Polariser vs no polariser

I get a few comments from time to time regarding my waterfall shots, particularly about the saturation level and how much I have bashed it over the head in photoshop πŸ˜‰ I had another great example from a few years back, however I was at a scene recently where the effect of the polariser was very pronounced and thought its a great example why every photographer should have this filter in their bag. There simply is no photoshop means to replicate it.

The attached images were shot at the same time (well one after the other πŸ˜‰ ) and processed identically, ie I edited one (the non-polarised one) and simply copied the edit settings across to the polarised image.

As one can see the difference is very marked, the polariser has simply removed reflected oblique light in the scene which in reality results in the actual colour of the element being seen – there is plenty of Greek writing about how this works and there are volumes on this, a great cure of insomnia in my opinion. For me this is the biggest contributor for waterfall shots, it can at anytime of the day (at the right angle) turn a flat nasty scene into something half decent.
In this case, very little PS bashing was used πŸ˜‰

36 thoughts on “Polariser vs no polariser

  1. Great comparison shot and a useful post +Gerard Blacklock

    Worth mentioning too that a polariser on an ultra wide lens, say 17mm on a full frame sensor will give uneven results across the frame; if you're using it to get that deep blue sky effect you'll end up with a patch of deep blue that graduates to lighter shades.

    That said, it's a filter that I rarely remove from the front of my lenses.

  2. Thank you for this informative post and the nice photo! I just wanted to mention (as you no doubt are well aware of) that CPLs can be adjusted to intermediate rotation positions between the two extremes according to the scene at hand and artistic judgement.

  3. good info mate.

    The poly filter [as I call it] is also great for removing reflections for foliage. All landscapers—make that outdoor photographers should have one in the bag IMO, however care is needed when using UWA lenses and big blue skies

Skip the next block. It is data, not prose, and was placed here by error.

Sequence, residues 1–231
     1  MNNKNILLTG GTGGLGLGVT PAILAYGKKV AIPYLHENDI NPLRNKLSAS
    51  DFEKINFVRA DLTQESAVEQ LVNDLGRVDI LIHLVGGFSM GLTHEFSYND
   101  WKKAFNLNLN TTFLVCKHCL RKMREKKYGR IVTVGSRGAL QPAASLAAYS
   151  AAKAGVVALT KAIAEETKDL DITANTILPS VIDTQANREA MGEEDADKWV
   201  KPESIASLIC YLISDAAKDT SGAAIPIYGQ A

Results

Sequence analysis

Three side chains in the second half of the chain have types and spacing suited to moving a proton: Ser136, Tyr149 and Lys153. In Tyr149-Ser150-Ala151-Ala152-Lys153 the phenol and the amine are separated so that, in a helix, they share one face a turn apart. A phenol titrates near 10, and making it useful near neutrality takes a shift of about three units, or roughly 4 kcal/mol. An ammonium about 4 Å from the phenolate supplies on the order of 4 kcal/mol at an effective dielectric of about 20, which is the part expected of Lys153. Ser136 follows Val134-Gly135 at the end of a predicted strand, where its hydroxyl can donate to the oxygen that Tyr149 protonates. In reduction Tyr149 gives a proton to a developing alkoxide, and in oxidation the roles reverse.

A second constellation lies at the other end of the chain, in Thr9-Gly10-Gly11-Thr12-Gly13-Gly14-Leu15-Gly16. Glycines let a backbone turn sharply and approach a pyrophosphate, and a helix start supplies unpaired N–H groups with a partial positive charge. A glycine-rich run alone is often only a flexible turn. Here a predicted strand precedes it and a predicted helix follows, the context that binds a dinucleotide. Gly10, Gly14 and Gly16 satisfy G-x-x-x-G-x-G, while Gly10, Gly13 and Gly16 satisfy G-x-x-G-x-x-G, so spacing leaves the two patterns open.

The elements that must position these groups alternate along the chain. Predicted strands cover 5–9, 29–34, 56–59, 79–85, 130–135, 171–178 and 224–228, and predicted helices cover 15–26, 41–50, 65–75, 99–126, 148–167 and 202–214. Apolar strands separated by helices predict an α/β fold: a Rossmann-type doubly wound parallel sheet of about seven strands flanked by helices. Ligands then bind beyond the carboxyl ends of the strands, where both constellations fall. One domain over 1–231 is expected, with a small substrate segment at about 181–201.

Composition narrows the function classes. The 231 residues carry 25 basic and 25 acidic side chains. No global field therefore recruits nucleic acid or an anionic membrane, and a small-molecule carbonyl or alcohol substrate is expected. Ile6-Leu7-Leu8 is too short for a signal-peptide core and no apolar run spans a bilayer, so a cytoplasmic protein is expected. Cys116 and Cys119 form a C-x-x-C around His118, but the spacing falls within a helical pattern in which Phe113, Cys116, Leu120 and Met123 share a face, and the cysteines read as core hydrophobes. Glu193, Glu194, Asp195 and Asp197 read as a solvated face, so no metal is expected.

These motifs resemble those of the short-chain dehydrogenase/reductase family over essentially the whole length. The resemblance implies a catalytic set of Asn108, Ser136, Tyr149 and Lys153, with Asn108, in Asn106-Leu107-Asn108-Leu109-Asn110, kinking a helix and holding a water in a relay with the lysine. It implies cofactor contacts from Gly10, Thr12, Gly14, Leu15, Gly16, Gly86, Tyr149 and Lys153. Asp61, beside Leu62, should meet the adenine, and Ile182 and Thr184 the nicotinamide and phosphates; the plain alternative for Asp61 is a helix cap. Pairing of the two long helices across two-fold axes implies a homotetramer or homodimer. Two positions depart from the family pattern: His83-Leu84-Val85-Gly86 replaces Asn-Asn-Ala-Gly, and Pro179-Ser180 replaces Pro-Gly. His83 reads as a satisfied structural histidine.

great thread Gerald, pity more don't offer such simple tricks and info into their threads

  4. +Ian Browne
    Thanks mate, I like your coined term 'poly' πŸ™‚ regarding tips and tricks, it's a catch 22 situation for me, there is lots of info out there already and I wonder whether its fruitful (for me) to add to the mix πŸ™‚
    BTW i missed your edit on the other image, i'll be sure to check it out asap πŸ™‚

  5. +Mark Lees
    very interesting list! thanks for the link, when i got mine some years ago i picked the Hoya's from a price point and also a slim style and interestingly enough they sit pretty well in the middle of the list linked!
    If I replace mine soon I think I will look at the Marumi DHG, they appear to do quite well and are pretty cheap!

  6. excellent on pointing out the differences. As a side note, looking at the two pics I do like how a polariser allows one to see the rocks under the shallow, flowing water, but find a downside in that it looses some of that texture in the flowing water. I do wonder what a blending of these two pics would result in.

  7. thank you +Mark Lees I am aware that a circular polariser is adjustable. My comment was more a thinking out loud, and as for the amount of time spent indoors at a computer, that is dependant upon the person and how they derive enjoyment from their photography. Also the level of blending I would be thinking the adjustment of the polariser wouldn't be able to do, thus blending would be my solution (doesn't mean it's right or wrong, just a preference)

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